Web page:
Narrative research for nonprofit communicators: three reports from FrameWorks

Oct 14, 2021

How do narratives fit into your work as a nonprofit communicator?

Lately, I’ve had narratives on my mind – primarily thinking about the fact that the term is used often, with very different meanings. While pondering (and researching) narratives late last month, I received a perfectly timed email from the FrameWorks Institute, announcing three new research reports on the topic. Here are the links, with descriptions straight from FrameWorks.

The Features of Narratives: A Model of Narrative Form for Social Change Efforts
A model of narrative form for use in social change work, defining the elements and identifying the patterns in stories that comprise the narrative form—a practical tool for those engaged in narrative change work on poverty and beyond.

How Do Other Fields Think about Narrative? Lessons for Narrative Change Practitioners
Eight lessons about narrative from luminaries in marketing and advertising, entertainment media/narrative arts, psychoanalysis, and technology. These insights can help activists, advocates, researchers, and strategists enhance their work to change harmful narratives.

Talking about Poverty: Narratives, Counter-Narratives, and Telling Effective Stories
A synthesis of the complex body of research around poverty narratives and counter-narratives, with practical advice about how to use these narratives to create better stories—and, ultimately, create social change.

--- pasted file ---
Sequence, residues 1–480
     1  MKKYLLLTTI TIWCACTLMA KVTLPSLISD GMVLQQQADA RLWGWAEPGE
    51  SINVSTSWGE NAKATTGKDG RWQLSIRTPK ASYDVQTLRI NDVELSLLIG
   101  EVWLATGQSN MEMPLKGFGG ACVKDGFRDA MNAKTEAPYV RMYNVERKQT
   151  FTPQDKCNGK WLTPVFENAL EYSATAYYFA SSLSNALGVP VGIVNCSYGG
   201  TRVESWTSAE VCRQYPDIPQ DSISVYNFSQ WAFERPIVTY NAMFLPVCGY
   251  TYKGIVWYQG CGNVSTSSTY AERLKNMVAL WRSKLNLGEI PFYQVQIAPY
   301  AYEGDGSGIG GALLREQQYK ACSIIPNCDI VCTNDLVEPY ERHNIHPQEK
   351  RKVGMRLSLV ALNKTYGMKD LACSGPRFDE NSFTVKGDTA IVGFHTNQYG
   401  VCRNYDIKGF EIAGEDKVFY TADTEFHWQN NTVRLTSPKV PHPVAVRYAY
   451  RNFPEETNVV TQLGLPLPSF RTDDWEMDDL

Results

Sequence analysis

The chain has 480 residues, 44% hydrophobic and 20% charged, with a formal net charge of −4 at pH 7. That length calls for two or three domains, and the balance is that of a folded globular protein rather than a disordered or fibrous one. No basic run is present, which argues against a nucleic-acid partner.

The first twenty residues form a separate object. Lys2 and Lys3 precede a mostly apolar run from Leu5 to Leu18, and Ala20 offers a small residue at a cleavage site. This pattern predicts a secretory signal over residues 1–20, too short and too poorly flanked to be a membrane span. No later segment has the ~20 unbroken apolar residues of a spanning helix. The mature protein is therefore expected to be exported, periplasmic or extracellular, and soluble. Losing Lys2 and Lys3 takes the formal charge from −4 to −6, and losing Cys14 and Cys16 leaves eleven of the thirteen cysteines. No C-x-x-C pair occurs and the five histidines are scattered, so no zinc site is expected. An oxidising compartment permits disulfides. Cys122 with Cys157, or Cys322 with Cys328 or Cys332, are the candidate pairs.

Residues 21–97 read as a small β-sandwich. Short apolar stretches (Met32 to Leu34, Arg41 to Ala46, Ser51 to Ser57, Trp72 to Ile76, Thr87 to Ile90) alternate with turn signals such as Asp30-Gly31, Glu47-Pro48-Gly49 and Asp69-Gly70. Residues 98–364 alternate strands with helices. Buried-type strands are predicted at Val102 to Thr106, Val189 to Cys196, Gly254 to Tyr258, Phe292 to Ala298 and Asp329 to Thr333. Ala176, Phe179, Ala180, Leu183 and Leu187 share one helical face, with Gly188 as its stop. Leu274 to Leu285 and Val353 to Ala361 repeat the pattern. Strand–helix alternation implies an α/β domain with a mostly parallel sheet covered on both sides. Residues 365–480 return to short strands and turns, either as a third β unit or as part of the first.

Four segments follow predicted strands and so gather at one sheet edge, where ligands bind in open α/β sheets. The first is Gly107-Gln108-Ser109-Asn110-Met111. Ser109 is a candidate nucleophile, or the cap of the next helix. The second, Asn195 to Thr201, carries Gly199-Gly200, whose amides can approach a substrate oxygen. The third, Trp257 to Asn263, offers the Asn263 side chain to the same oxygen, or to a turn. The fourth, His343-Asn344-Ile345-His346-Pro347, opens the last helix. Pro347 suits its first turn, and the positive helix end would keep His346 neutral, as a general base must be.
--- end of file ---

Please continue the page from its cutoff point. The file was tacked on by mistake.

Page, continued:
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Top-level takeaways from reading these narrative research reports

FrameWorks has asked for help sharing these reports widely, and now that I’ve read all three, I’m responding to the call. I think you’ll find these papers useful if you:

  • Would like help understanding the formal features of a narrative, the relationship between narratives and stories, and how they fit together.
  • Are interested in examples of dominant narratives that nonprofit communicators need to counter in our work – and practical insights into how to do so.
  • Would like to avoid inadvertently reinforcing harmful, dominant narratives in the way that you tell your organization’s stories.

Note: While the third paper focuses on poverty narratives, I think it offers valuable lessons for any cause communicator because it sheds light on how to put the ideas from the other two papers into practice. It caused me to reflect on how many charities’ stories – particularly those used in fundraising – can play into harmful dominant narratives. And, of course, this paper provides specific guidance and advice for those working to counter damaging narratives about poverty.


In my work as a content strategist, copywriter and storyteller, I tend to think about narratives and storytelling from a marketing communications perspective, so these reports raised several questions for me. How can storytelling work, not just to highlight an organization’s work and impact but also to counter harmful narratives? Stories have the power to humanize, destigmatize and demystify issues, but what other nuances are at play – and how much further can we go? What are the ideas, themes and beliefs we need to overcome in our nonprofit’s storytelling and communications overall?

If you have the time to download and review this recent suite of research reports from FrameWorks, I suggest that you do.

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